A common misconception about customer loyalty states that, as long as the customer is satisfied, it is guaranteed that they will return in the future. This is not the case. Because it is much easier to maintain relationships among existing customers than it is to build relationships with new customers, it is important to take effective measures to make sure your customers stick around. Take a look at these 5 techniques for achieving customer loyalty.
- Shared Views – The organization or independent customer you are doing business with should have a similar vision of success, similar business practices, and similar expectations as you for the outcome of the collaboration. The more your organization fits with your customer, the more loyal they will be. To achieve this fit, think about other customers that work well with your organization. Are there any common characteristics among the customers you work best with? Once you have an idea of which characteristics encourage compatibility between your organization and your customers, make sure you emphasize those characteristics when dealing with your customers.
- Shared Economic Value – In the end, it all comes down to spending and saving money. Does your organization help customers reduce or avoid expenses? Does it help them increase revenue and profit? Your organization should be able to financially help your customers. Communicate with your customers in order to know how your solutions help or hinder them. The customers will appreciate that you are showing interest in how their experience went, and you’ll know which methods and products are best for each customer.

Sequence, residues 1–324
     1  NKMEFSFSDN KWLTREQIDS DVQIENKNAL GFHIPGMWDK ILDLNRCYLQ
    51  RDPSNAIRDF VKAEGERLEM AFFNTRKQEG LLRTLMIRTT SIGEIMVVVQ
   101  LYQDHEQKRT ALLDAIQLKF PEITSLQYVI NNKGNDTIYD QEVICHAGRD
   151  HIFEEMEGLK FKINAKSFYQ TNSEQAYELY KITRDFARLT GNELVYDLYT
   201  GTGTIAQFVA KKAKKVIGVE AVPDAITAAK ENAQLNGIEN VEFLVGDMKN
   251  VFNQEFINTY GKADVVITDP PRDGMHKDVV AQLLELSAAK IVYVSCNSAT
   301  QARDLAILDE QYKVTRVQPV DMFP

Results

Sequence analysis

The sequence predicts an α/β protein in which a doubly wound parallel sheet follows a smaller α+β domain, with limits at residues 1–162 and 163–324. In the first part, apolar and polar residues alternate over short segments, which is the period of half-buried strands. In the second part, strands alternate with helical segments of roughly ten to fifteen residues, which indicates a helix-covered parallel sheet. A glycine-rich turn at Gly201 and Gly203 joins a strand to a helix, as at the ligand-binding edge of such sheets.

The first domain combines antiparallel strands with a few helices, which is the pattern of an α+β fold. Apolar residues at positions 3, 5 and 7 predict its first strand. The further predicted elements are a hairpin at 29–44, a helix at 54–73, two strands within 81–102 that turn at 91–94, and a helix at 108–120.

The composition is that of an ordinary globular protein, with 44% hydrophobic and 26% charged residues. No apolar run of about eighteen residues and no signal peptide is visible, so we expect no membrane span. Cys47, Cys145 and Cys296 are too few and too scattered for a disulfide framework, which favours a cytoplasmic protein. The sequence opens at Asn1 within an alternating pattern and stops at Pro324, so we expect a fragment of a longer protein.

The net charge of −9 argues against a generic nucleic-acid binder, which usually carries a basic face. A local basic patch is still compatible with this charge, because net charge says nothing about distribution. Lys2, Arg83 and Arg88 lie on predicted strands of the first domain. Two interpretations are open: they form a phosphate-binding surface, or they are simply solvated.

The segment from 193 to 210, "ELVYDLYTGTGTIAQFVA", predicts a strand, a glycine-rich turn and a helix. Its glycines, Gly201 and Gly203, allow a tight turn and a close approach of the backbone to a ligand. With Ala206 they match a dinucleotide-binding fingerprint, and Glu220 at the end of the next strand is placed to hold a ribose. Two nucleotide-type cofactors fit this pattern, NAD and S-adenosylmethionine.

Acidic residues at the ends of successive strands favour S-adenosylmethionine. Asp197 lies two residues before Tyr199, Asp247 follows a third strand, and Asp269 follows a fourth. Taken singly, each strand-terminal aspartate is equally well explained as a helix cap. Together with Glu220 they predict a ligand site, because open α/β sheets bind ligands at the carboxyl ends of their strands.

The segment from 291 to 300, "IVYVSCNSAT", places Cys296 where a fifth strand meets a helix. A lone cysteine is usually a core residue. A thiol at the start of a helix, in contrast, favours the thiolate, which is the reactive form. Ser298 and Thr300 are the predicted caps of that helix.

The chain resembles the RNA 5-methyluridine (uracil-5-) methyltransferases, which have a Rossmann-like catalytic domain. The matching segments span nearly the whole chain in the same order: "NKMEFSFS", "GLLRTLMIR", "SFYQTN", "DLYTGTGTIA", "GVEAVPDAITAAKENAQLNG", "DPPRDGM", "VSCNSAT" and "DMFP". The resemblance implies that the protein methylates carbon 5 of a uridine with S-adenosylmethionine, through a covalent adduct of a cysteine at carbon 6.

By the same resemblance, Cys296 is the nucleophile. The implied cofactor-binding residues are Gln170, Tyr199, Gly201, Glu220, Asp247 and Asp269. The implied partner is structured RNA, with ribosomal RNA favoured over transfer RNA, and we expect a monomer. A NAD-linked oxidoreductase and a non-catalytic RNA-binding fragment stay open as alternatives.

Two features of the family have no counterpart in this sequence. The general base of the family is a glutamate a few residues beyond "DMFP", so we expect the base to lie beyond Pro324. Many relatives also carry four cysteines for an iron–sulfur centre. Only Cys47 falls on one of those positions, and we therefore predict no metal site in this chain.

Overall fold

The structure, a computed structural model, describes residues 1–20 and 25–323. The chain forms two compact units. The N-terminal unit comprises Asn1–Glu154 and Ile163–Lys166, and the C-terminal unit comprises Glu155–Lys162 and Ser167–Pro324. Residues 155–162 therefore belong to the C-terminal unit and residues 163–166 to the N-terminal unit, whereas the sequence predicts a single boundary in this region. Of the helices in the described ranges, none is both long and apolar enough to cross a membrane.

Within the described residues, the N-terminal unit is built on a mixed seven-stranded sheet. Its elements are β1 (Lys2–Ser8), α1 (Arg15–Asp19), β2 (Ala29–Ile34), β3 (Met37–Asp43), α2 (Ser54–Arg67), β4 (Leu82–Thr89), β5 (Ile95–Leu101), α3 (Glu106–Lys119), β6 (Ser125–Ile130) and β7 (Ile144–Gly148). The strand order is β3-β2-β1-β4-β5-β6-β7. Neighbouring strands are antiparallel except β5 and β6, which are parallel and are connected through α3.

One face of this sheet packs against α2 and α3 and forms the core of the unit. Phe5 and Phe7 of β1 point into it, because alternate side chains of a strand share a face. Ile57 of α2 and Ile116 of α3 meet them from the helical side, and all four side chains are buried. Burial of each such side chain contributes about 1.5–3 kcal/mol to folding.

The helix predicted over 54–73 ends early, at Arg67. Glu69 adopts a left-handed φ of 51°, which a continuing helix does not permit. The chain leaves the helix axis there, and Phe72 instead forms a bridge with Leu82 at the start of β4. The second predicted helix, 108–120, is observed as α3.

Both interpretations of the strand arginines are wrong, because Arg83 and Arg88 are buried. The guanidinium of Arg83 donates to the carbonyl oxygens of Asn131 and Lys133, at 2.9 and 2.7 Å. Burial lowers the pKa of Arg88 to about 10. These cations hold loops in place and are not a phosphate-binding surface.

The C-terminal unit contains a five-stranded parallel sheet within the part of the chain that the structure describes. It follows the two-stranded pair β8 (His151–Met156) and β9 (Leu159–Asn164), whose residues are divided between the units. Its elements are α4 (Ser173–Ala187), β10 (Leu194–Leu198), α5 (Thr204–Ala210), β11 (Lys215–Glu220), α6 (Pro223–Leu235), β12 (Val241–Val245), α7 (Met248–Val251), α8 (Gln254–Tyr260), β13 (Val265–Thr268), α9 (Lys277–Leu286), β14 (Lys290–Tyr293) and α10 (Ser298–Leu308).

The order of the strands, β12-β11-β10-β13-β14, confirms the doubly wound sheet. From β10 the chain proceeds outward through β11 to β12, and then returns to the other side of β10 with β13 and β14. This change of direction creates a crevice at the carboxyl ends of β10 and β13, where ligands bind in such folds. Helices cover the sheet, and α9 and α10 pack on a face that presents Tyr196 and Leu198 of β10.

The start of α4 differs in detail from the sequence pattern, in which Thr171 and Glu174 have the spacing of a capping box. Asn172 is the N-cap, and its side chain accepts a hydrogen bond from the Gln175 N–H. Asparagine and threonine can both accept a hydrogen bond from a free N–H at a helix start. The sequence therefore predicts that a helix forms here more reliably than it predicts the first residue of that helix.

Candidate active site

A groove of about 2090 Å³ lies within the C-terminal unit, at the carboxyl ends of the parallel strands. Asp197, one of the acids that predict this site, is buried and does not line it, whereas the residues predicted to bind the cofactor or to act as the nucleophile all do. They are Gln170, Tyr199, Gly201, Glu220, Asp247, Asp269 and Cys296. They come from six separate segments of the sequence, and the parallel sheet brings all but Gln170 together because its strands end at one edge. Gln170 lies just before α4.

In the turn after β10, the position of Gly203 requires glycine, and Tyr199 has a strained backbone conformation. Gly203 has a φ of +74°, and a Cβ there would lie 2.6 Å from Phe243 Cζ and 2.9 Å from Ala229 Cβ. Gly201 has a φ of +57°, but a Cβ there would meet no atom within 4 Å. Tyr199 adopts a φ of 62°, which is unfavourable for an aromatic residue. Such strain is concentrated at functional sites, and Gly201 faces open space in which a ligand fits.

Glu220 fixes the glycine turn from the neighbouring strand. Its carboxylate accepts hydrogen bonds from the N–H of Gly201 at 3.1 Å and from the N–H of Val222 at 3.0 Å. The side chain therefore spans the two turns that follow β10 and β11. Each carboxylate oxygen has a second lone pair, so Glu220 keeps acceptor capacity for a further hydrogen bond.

- Emotional Bond – Ritz-Carlton hotels have a useful habit of creating strong emotional bonds among their valued customers. They make an effort to remember their customers’ preferences and go to extreme lengths to cater to those preferences. In order to create an emotional bond with your customers, make an effort to know their preferences. Towel placement and number of complimentary pillow chocolates may not be relevant, but an understanding of their preferred form of communication and any specifics that relate to your product would be useful to know and implement in advance.
- Performance – Satisfaction can easily be mistaken for performance. However, performance has more objective criteria when measuring its effectiveness compared to satisfaction, which is more emotionally influenced. Is your product effective, approved, and not prone to mistakes? Once you’ve established your selling performance factors, consider which ones truly matter to your customers. If you created that emotional bond we mentioned, you should know which customers value your on-time delivery rate, for example.
- Satisfaction – It may not be the only one, but it still is an extremely important factor. A customer’s satisfaction level is not set in stone. To reiterate, satisfaction is less objective and more based on the customer’s experience and mood during collaboration. The best way to optimize satisfaction is to exceed expectations. Learn enough about your customer to know what they expect in terms of price and level of service and communication, and exceed those expectations.
Keeping your returning customers happy and turning new customers into returning customers can be a long and difficult process. Keep these key points in mind when you collaborate with your customers to optimize your organization’s chance for high customer loyalty.